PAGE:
In his dissent Member Hayes noted the possibility an employer could be put in between the preverbal rock and a hard place because of conflicting policies.xlvi He cited the EEOC policy of maintaining confidentiality during harassment investigations as an example of a possible conflict should the Board order the release of statements regarding the allegations.xlvii Should this situation arise an employer should cite the “national policy” of confidentiality in such circumstances, among other concerns in resisting disclosure. Based upon the Board’s previous references to “national policy” as a factor in permitting employers to avoid disclosure this argument should be persuasive, and thus the employer should be able to avoid disclosure on these grounds.

V. Conclusion

While the Piedmont Gardens decision will result in increased uncertainty regarding whether witness statements must be disclosed employers should be familiar with Detroit Edison balancing test, and thus be prepared to respond to requests for statements. Should the employer elect to resist disclosure of the statement is should offer to accommodate the union and cite the specific confidentiality concerns justifying its refusal. In some circumstances, including criminal activity endangering employees and the public, the employer’s decision to resist will be given “unusually great weight”. Other situations involving “national policy” concerns, such as investigations of harassment, should receive similar treatment, thus protecting witness statements from disclosure.

 

 

[i]NLRB v. Acme Industrial Co., 385 U.S. 432, 435-36 (1967).

[ii]Id. at 438.

[ii]Id.

[iv]Transport of New Jersey, 233 NLRB 694, 694 (1977).

[v]Pennsylvania Power, 301 NLRB 1104, 1105 (1991).

[vi]Detroit Edison Co. v. N.L.R.B., 440 U.S. 301, 310 (1979).

[vii]Pennsylvania Power, 301 NLRB at 1105.

[vi]Detroit Edison Co. 440 U.S. at 318-320.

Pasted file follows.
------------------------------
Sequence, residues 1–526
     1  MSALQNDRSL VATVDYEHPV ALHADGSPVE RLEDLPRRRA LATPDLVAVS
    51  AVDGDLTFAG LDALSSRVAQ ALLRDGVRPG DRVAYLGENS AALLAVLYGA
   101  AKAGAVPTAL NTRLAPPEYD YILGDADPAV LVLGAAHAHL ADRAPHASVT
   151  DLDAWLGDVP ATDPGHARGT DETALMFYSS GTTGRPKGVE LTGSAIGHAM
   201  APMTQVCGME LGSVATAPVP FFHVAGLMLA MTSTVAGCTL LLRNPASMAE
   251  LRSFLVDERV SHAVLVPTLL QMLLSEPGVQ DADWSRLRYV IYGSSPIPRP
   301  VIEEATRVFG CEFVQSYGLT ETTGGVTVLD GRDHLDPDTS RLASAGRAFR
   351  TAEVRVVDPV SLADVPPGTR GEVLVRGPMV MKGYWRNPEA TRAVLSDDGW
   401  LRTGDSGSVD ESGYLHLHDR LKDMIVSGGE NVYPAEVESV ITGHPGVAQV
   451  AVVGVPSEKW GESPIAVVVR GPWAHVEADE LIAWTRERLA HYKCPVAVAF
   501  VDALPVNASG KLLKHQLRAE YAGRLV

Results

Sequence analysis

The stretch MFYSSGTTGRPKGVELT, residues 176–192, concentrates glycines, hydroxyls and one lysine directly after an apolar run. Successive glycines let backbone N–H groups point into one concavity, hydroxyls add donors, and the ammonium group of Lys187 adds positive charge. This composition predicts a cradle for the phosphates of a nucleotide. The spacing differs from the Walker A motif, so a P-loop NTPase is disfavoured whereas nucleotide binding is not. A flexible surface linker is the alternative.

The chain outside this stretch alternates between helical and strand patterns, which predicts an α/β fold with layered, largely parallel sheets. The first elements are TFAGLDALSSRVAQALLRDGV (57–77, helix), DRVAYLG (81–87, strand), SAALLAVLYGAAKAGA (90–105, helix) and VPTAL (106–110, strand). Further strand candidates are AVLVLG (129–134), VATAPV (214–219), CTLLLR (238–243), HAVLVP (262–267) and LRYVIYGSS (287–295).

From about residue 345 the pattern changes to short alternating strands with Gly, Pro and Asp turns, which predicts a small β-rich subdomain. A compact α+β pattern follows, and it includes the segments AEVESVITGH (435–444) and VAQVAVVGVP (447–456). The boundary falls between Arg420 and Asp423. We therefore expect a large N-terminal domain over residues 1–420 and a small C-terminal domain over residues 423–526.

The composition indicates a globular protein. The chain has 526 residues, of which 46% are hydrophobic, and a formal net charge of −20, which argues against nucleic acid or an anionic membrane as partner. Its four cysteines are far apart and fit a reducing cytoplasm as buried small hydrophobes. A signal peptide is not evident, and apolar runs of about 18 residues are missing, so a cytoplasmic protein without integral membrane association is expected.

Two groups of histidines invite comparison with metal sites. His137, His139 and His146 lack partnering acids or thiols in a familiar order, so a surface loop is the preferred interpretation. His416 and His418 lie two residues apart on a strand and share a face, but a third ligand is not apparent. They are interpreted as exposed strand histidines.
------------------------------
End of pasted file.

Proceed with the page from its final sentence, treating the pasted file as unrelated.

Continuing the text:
[ix]See Northern Indiana Public Service Co., 347 NLRB 210, 211 (2006).

[x]237 NLRB 982, (1978).

[xi]El Paso Electric Co., 355 NLRB 428, fn. 3, 458 (2010), enfd. 681 F.3d 651 (5th Cir. 2012).

[xii]Id at 984.

[xii]Id.

[xiv]Am. Baptist Homes of the W., 359 NLRB No. 46, *2 (Dec. 15, 2012).

[xv]Id.

[xvi]Id.

[xvi]Id.

[xvii]Id.

[xix]Id. at *6.

[xx]Id.

[xxii]Id.

[xxi]Id.

[xxiii]Id. at *7.

[xxiv]Id.

[xxv]Id. at *8.

[xxvi]Id. at *8 (Hayes, dissenting).

[xxvii]Id. at *11.

[xxviii]Id. at *12.

[xxix]Id. at *13.

[xxx]Id. at *12.

[xxxi]Id. at *14.

[xxxii]Id.

[xxxiii]Id.

[xxxiv]See Am. Baptist Homes of the W., 359 NLRB No. at *8.

[xxv]Id. at *12 (Hayes, dissenting) (discussing accommodation under the Anheuser-Busch rule).

[xxxvi]Id. at 5.

[xxxvii]Id.

[xxxviii]Id.

[xxxix]301 NLRB at 1107; See also Mobil Oil Corp., 303 NLRB 780 (1991).

[xl]Id. at 1107-08.

[xli]Id. at 1107.

[xlii]Id.

[xliii]Metropolitan Edison Co., 330 NLRB 107, 108 (1999).

[xliv]Id.

[xlv]Id. at 109.

[xlvi]Am. Baptist Homes of the W., 359 NLRB No. 46, *14.

[xlvii]Id.

© Copyright 2019 Southern Methodist University, SMU Dedman School of Law

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About this Author

Jacob Bethel Woolston, Law Student, SMU, Labor Law, Writing, Competition
Law Student

Jacob Woolston is currently a third year law student at the Southern Methodist University Dedman School of Law. He is originally from Missouri and completed his undergraduate studies at the University of Missouri, where he received a Bachelor of Agribusiness Management. Jacob would like to practice labor and employment law.